By: Shawn O’Brate
THERMOPOLIS – Over the weekend the Hot Springs County Fairgrounds hosted their third straight Junior Bull Riding Championships with boys (and girls) ages 10–18 gripping the bull rope and testing their strength and skill against other younger riders from around Wyoming, specifically Fremont County.
The event was part of the Rocky Mountain Region Junior World Finals Championships schedule and was one of the final events for juniors to earn points that could boost them into the national finals in Las Vegas or the International Miniature Bull Riders Association (IMBA) Finals in Reno.
Not only was this a great opportunity for the youngin’s to gain some experience on the back of the bulls and earn more points for their collective total throughout the season, but it was also a great chance for these kids to earn their own money including through the jackpot opportunities on the final day of the weekend, with kids like Busby, Montana’s Bre’zhon Spang winning a couple hundred dollars for staying on the full eight seconds.
Spang was not the only one that had a fun and successful weekend though. There was also announcer-slash-producer, Shanna Firnekas, who helped put together the event in Thermopolis all three years and has announced them in their entirety at the Hot Springs County Fairgrounds.
After a decade of putting together bull riding events Firnekas has knowledge about most of the competitors and almost all of the children who were participating in Thermopolis over the weekend, which made each ride not just a thrill-ride for eight seconds but also an informational journey into the rider’s life before and after the gates opened.
“It’s really cool to watch them all grow up and compete,” Firnekas said after the end of Sunday’s events, “That’s why I like announcing, because I know their history, I know who they are. For me it gives the crowd a little bit more of a personal touch to know where these kids have been, what they do, that’s why I do what I do.”
Some of those kids come from around Montana, and even California, but on Saturday and Sunday there were four Fremont County names on the board in the competitions. Spread out amongst three divisions–ages 10-11, 12-13, and 16-18–the county was well represented in Thermopolis throughout the day. Cannon Muellner, Kolten Boneberger, Levi Vold and Brandon Rios were all on the docket for the weekend, ready to represent the Fremont County community.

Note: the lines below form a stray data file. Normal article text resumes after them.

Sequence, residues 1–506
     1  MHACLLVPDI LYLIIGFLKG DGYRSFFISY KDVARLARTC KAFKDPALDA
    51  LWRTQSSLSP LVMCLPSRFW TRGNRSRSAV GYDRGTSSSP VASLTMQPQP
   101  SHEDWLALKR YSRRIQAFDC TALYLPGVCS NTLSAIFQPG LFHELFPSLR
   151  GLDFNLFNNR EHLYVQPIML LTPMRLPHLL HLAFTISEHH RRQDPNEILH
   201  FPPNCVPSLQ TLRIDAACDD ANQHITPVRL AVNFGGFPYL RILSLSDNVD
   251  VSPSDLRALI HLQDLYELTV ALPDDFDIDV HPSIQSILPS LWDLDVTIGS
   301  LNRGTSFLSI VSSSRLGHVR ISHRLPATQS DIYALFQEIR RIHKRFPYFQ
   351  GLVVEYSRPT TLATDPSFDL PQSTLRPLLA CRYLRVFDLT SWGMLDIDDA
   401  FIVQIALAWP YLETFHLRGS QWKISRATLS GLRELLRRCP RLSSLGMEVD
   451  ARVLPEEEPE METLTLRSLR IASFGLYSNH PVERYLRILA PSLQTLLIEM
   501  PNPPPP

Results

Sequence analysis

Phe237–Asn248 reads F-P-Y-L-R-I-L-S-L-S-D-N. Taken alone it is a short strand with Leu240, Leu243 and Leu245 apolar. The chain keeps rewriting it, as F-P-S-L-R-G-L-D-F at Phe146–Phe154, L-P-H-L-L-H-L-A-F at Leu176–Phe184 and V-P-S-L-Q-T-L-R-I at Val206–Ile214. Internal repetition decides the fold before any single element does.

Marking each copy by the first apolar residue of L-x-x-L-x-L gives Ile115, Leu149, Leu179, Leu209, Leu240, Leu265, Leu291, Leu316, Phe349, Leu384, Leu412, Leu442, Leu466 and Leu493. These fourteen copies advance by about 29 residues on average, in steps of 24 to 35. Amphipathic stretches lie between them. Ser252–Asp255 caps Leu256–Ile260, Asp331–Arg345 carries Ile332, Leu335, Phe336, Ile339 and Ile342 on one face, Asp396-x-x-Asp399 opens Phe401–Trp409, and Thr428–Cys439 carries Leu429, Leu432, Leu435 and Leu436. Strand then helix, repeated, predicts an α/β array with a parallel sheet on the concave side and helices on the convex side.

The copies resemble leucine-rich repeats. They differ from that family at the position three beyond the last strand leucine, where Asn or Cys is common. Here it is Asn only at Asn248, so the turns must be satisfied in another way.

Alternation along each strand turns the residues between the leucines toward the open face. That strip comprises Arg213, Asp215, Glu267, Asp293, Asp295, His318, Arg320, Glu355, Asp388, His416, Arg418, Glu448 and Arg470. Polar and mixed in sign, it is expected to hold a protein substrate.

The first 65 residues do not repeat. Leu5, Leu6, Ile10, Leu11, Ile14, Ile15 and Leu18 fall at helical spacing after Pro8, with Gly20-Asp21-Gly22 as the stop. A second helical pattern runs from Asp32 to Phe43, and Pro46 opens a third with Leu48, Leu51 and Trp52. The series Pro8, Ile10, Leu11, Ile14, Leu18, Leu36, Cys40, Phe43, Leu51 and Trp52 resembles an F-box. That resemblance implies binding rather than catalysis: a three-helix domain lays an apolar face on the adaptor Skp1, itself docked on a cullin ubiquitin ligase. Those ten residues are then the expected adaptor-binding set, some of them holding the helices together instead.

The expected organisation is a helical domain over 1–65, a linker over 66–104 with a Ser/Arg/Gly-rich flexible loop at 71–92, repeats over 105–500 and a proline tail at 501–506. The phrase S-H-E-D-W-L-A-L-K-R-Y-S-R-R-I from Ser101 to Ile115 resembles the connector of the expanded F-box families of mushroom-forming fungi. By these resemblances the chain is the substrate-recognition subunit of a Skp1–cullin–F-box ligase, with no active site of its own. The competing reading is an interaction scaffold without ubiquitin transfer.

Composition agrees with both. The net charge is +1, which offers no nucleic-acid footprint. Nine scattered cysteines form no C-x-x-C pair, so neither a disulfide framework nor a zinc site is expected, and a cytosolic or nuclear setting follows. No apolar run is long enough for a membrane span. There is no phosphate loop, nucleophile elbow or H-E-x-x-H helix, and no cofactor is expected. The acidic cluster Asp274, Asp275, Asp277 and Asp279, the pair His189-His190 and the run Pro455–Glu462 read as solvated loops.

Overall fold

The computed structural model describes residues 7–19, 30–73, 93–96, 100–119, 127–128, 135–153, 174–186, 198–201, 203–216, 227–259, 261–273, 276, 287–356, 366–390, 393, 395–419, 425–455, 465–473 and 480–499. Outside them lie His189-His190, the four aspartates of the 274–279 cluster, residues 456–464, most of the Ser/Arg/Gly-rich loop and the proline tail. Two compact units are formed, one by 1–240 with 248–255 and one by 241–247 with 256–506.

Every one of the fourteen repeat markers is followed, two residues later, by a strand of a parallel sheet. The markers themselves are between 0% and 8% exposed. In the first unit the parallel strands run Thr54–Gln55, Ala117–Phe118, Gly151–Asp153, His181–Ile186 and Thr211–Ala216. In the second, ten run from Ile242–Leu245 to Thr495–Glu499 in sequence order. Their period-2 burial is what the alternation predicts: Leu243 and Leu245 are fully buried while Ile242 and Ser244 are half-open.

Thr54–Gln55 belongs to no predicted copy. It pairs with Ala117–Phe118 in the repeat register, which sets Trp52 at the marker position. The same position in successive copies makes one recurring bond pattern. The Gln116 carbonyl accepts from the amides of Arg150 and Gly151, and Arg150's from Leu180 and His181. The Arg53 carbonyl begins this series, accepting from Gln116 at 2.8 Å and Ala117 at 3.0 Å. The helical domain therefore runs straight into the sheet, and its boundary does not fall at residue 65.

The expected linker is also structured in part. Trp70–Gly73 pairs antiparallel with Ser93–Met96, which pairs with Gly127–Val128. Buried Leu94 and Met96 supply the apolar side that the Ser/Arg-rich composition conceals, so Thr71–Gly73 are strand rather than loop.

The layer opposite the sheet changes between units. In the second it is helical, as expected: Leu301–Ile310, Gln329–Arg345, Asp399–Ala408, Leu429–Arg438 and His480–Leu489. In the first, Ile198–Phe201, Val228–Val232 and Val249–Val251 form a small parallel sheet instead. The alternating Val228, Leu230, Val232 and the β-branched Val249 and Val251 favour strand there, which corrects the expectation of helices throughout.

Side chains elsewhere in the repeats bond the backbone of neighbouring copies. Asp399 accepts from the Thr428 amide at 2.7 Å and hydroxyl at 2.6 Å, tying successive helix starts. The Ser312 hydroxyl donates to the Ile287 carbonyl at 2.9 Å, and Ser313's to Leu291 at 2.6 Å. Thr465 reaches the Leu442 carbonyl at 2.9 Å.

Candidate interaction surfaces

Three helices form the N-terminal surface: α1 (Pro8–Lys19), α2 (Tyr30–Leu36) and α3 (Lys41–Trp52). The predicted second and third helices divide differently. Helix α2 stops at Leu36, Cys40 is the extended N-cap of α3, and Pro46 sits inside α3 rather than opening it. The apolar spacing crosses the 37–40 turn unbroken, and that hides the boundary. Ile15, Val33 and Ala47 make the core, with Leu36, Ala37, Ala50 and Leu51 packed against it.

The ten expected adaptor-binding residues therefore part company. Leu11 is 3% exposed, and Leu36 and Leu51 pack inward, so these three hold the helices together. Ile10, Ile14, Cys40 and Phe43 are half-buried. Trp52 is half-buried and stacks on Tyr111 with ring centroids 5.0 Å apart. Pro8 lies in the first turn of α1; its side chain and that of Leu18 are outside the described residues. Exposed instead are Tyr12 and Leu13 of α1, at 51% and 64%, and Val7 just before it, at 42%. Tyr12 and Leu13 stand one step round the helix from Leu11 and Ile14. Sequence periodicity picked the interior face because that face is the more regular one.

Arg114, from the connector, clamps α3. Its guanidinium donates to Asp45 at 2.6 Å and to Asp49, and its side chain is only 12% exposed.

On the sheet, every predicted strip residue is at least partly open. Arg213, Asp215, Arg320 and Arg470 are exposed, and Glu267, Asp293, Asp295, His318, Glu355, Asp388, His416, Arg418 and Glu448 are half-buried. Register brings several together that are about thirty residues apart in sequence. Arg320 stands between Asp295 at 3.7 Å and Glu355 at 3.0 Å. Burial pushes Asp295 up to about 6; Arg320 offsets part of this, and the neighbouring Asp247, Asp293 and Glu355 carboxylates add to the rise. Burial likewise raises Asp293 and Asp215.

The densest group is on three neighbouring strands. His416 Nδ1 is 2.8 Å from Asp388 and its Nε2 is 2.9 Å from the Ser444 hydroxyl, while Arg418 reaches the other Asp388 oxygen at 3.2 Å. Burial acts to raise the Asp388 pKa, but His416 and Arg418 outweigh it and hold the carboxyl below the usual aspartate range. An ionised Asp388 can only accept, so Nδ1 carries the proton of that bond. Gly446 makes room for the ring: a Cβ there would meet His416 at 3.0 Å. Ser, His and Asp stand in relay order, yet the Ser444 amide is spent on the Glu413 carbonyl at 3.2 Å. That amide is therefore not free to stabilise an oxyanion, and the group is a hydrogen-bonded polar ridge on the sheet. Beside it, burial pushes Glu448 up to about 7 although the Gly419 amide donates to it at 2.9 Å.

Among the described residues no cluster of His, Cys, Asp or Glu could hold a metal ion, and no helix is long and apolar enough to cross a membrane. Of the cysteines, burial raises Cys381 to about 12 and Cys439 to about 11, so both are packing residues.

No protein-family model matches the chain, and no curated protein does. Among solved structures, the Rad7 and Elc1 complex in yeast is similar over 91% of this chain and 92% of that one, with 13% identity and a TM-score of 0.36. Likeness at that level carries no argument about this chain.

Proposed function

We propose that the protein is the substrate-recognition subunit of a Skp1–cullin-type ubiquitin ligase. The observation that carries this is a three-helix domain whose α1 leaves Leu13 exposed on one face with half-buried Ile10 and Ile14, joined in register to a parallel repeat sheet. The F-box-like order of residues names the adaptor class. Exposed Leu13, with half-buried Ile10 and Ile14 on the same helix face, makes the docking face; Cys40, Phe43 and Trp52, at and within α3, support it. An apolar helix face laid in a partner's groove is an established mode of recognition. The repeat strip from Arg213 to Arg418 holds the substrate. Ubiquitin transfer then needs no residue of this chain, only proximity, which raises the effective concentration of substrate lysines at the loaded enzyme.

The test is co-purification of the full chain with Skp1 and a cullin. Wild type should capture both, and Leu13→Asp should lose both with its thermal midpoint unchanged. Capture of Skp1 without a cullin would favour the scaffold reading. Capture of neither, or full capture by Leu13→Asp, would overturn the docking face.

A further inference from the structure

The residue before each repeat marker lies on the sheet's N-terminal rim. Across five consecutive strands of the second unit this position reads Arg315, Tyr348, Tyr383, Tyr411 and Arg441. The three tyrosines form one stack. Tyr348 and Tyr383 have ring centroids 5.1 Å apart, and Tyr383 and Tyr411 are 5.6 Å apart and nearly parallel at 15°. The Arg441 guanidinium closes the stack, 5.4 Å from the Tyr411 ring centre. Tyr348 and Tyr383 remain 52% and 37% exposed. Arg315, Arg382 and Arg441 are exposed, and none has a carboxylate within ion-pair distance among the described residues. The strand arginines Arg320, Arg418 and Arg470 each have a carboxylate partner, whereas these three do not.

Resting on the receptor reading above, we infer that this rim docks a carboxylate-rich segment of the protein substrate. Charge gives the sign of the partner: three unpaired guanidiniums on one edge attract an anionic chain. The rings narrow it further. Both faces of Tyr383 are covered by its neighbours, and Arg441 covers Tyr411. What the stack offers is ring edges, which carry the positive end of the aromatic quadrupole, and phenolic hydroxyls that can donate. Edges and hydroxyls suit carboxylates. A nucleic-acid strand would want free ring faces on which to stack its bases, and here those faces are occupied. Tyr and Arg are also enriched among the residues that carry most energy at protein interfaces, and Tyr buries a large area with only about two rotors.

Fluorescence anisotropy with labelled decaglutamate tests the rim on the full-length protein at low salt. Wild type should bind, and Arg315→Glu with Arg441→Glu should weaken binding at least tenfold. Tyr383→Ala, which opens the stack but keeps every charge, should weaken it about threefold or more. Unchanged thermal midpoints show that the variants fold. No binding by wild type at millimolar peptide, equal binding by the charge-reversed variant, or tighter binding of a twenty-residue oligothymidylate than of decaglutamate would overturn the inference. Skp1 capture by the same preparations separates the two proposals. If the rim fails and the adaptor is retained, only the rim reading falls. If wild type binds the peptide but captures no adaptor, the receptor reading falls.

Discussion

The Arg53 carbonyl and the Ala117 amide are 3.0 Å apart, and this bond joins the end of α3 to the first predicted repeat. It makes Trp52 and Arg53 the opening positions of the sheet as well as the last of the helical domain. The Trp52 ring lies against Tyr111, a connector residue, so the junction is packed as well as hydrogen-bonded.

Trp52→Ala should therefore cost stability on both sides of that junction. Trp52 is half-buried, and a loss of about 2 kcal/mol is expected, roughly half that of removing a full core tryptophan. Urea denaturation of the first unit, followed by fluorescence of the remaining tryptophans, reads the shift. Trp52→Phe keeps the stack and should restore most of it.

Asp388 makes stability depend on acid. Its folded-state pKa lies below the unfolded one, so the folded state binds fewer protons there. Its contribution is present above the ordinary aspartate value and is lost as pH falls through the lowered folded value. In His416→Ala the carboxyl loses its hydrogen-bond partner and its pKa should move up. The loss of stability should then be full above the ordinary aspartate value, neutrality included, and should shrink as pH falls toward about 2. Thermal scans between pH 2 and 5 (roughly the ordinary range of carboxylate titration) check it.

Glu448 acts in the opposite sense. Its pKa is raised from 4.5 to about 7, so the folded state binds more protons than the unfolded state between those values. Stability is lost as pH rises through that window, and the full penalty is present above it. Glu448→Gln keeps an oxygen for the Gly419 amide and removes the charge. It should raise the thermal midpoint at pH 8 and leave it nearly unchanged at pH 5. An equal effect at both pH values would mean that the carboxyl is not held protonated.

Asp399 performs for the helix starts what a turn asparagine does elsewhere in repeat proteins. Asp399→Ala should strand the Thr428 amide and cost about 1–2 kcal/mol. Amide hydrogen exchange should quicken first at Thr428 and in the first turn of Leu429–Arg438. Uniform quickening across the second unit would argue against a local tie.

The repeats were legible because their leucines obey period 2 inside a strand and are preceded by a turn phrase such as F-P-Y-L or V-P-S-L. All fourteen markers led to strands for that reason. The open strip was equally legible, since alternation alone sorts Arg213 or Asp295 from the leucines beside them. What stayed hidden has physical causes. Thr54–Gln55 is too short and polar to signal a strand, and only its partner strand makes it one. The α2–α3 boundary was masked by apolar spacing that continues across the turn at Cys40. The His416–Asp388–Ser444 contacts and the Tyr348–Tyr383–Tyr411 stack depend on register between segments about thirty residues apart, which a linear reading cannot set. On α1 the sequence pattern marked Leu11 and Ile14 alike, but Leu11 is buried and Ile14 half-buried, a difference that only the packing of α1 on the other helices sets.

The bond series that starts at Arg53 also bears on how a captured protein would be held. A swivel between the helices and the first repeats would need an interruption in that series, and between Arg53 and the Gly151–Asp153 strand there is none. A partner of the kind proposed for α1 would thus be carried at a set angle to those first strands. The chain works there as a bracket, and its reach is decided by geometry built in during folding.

As previously mentioned, the kids were riding for more points to help them qualify for Junior World Finals and IMBA Finals, but they were also there to grow their skills to help them in the future rodeos and to have fun doing something they like.
When receiving his money at the end of Sunday young Ryder Griffith, who participated in the 10-11 year old division, learned of his placement in his age range and was giddy with excitement.
“It was a fun time, I can’t believe I have that many points,” Griffith said before exiting the fairgrounds to head back to Glendive, Montana.
Griffith wasn’t the only one who had to go through a long ride home after Sunday’s events, Firnekas also had to head back to Gillette in the blazing heat that came with the weekend. But, for Firnekas, Thermopolis is never a dull place to be:
“I love it here [in Thermopolis],” Firnekas said, “Everyone is so warm and so friendly.”
The people of Thermopolis were not only friendly to the people and riders that arrived, but they were also friendly to the singular bull that got loose on Saturday and trotted into town after devouring some of the local school’s front yard and even traveling through the weekly farmer’s market.
Nobody was injured from the bull and it was safely wrangled and brought back to the fairgrounds before heightening the security and putting men on horses around the arena for the remainder of the weekend.
Other than that moment the Junior Bull Riding Championship weekend went off without a hitch and provided new ideas to improve the event for next year.
“Next year we’re going to change it up and we’re going to have an evening performance and then a morning performance the next morning,” Firnekas said, “It’ll be nice with this type of heat here too.”
That heat she referred to was immense and without cloud coverage for much of the weekend, which always causes concern, but the kids and Firnekas weren’t affected too much by that when it was all said and done.
“These guys, they’re used to riding in the heat, the bulls are used to going in the heat, they deal with it and they work with it well,” Firnekas added.
Congratulations to all the kids who participated, and a special congratulations to those that qualified for bigger and better tournaments in the future. Hopefully next year will be even bigger at the Hot Springs County Fairgrounds!